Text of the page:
2019 was a record year for LVMH in terms of both revenues and profits. Revenue rose 10% to EUR53.7bn in 2019, ignoring the impact of exchange rates. That reflects sales growth across all divisions, with Europe, USA and Asia performing well.
Operating margins reached 21.4%, helping underlying operating profit rise 15% to EUR11.5bn.
The full year dividend is set to rise 13% to EUR6.80 per share, with a final dividend of EUR4.60.
The shares rose 1.9% following the announcement.
With great brands comes great power. And that's something LVMH knows all about.
LVMH is home to brands ranging from Louis Vuitton and Christian Dior to Moet and Hennessy. The wide variety of brands means LVMH can milk every part of the luxury cycle, as one struggles, another will do well. And the ultra-wealthy customer base of these brands results in a reliable revenue stream too. These customers aren't as sensitive to economic blips or downturns as your more average shopper, meaning they'll still show up to boutiques even if others are tightening the purse strings.
The latest big-name to join the line-up is Tiffany & Co, having agreed to buy the famous blue-box maker for EUR14.7bn. The deal would boost LVMH's exposure to the US Jewellery market, a fast growing area to which LVMH is arguably underexposed. The group has a long and fruitful track record of optimising premium brands, so there's reason for excitement here despite it costing a pretty penny.
Fortunately the group has deep pockets. A killer portfolio of brands allows the group to attach formidable price tags to its products. That keeps margins and cash generation healthy, giving LVMH more financial flexibility than less premium rivals. Despite the looming Tiffany bill LVMH has still hiked the dividend.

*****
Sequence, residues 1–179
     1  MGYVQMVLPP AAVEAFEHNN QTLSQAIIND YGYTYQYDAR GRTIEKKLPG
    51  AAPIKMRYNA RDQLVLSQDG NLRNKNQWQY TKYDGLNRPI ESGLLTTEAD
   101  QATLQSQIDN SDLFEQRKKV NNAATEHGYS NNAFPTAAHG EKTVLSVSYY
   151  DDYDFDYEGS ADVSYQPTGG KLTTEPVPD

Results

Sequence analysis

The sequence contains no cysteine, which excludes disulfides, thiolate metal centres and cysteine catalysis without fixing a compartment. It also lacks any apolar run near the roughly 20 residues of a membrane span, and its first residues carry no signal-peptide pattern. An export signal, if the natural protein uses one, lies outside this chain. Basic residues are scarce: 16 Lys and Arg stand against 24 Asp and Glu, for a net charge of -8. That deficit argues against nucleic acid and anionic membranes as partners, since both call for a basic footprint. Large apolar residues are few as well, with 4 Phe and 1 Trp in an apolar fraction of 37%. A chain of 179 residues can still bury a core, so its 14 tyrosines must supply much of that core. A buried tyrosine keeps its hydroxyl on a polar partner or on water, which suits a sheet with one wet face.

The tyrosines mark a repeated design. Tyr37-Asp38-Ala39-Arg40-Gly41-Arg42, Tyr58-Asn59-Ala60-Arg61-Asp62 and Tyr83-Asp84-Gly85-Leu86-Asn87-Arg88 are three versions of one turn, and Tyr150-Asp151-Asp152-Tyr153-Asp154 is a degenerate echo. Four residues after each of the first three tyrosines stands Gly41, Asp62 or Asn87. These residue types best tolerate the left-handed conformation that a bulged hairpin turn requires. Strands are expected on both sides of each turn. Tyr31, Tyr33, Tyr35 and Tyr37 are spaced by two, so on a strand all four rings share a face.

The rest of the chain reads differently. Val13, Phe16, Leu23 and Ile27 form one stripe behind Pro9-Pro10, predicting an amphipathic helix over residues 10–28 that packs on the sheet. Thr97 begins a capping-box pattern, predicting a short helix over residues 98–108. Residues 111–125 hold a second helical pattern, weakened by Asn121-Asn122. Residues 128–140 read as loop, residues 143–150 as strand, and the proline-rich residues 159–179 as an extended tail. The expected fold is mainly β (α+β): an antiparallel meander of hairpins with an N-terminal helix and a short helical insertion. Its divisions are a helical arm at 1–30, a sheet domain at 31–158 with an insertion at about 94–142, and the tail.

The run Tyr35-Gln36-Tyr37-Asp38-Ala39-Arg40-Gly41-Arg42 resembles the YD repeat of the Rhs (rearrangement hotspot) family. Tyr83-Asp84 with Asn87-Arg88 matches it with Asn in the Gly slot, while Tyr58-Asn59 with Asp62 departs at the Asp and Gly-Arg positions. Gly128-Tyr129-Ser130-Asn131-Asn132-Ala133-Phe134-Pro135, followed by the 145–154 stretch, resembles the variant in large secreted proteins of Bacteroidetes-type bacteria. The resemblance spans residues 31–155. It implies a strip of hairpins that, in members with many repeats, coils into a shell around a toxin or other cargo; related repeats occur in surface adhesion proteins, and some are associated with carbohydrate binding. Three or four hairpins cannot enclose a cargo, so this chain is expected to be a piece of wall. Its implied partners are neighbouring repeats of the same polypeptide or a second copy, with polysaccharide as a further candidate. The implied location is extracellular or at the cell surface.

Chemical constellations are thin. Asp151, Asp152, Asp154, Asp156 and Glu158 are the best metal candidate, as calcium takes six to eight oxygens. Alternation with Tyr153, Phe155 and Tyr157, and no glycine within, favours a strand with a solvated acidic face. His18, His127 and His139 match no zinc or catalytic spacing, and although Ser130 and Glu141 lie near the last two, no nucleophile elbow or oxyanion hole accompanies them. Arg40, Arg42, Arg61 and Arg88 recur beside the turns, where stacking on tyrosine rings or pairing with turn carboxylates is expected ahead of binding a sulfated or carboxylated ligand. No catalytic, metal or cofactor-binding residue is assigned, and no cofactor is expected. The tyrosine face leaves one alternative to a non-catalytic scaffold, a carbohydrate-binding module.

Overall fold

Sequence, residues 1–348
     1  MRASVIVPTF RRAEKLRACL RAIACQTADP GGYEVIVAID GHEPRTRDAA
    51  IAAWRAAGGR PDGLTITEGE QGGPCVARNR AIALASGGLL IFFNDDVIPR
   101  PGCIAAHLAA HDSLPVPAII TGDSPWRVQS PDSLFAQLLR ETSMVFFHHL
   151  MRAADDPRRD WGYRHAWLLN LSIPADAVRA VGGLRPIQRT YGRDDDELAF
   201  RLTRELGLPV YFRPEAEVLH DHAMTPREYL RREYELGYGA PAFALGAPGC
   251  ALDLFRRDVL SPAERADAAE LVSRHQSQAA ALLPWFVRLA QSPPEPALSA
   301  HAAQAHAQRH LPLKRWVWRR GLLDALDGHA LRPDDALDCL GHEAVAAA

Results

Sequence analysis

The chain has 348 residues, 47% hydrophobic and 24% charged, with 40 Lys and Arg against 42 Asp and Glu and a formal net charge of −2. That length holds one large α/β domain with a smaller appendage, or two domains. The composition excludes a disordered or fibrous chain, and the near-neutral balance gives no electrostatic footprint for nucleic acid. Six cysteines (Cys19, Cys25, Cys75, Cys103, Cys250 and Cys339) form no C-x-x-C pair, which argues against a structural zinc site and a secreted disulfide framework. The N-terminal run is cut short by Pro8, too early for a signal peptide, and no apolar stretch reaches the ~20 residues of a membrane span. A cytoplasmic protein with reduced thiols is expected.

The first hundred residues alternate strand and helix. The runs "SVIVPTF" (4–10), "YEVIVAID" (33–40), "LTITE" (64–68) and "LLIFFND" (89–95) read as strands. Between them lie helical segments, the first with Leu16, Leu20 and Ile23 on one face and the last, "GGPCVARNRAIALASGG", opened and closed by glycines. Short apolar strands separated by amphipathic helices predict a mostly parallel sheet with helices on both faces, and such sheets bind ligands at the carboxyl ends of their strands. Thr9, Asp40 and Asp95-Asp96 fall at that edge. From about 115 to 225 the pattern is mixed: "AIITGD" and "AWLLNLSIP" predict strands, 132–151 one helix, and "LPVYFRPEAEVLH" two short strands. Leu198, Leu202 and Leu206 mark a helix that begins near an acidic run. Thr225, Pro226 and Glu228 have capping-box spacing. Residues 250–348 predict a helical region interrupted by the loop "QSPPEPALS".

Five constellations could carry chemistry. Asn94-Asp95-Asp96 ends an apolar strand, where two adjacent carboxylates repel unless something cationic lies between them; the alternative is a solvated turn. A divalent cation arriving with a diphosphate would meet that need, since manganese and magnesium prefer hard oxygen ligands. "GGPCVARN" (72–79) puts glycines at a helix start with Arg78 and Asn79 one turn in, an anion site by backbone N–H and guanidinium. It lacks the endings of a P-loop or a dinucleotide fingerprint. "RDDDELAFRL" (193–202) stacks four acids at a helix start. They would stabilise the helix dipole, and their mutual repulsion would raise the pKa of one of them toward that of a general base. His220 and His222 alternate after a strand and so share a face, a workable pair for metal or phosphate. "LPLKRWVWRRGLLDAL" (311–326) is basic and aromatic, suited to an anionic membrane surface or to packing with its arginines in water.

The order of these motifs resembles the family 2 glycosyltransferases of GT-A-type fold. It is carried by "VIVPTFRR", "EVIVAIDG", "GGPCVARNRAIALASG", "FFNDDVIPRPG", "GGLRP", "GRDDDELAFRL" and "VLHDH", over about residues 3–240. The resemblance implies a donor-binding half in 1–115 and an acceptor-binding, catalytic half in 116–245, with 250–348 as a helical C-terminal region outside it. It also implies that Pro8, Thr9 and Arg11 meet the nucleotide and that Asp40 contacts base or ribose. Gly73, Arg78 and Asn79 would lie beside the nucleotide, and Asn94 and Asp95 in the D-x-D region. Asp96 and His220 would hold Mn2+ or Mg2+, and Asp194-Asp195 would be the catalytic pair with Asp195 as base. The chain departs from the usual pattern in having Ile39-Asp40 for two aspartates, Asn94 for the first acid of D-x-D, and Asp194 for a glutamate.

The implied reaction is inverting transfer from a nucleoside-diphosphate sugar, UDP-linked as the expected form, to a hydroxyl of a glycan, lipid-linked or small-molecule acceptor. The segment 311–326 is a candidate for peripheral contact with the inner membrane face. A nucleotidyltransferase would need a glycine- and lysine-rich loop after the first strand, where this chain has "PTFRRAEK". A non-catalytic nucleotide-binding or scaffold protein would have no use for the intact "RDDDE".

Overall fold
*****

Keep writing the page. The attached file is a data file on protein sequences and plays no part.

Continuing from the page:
In terms of geography, Asia is LVMH's most important region for future growth. New wealth and a fast growing market is set to help boost the multi-billion dollar luxury industry over the next few years, so it's good news that headwinds caused by US - China trade tensions look to be easing. It's a particular relief to see unrest in Hong Kong is being more than offset by other Asian markets. These are dynamic situations though, and any major changes for the worse wouldn't be good news.
All that glitz, glamour and success comes at a price too. The shares change hands for 25 times expected earnings, which is some way above the longer term average.
Investors should bear the steep entry price in mind as LVMH continues to strut its stuff. CEO Bernard Arnault has been a safe pair of hands over the last three decades and his strategy has paid off, but as he would no doubt tell you the luxury goods business doesn't stand still for long.
Full year trading details (constant currency)
Fashion & Leather Goods, the group's largest division, achieved revenue growth of 17%, reaching EUR22.2bn. That reflects a particularly good performance from Louis Vuitton. Underlying operating profit rose 24% and now stands at EUR7.3bn.
The Selective Retailing division saw profits rise 1% to EUR1.4bn. Revenue of EUR14.8bn represents growth of 5%, driven by strong trading from Sephora and positive trends in Asia and the Middle East.
In Wines & Spirits, price improvements in Champagne and rapid growth in China, helped by the timing of Chinese New Year, saw sales rise 6% to EUR5.6bn. Profit was also up 6%, at EUR1.7bn. Hennessey cognac became the world's leading premium spirits brand during the period.
Watches & Jewelry revenue rose 3% to EUR4.4bn, while profits were up 5% reaching EUR736m. LVMH said Bvlgari continued to perform very well, increasing its market share. During 2019 the division also agreed to acquire Tiffany & Co.
Perfume & Cosmetics profits ticked up 1% to EUR683m, reflecting a 9% increase in sales.
Improved profitability helped free cash flow reach EUR6.2bn, compared to EUR5.5bn in 2018. Net debt now stands at EUR6.2bn, up 13% year-on-year.
Bernard Arnault, CEO said: "in a buoyant environment that remains uncertain in 2020, we continue to be vigilant and focused on our objectives for progress."
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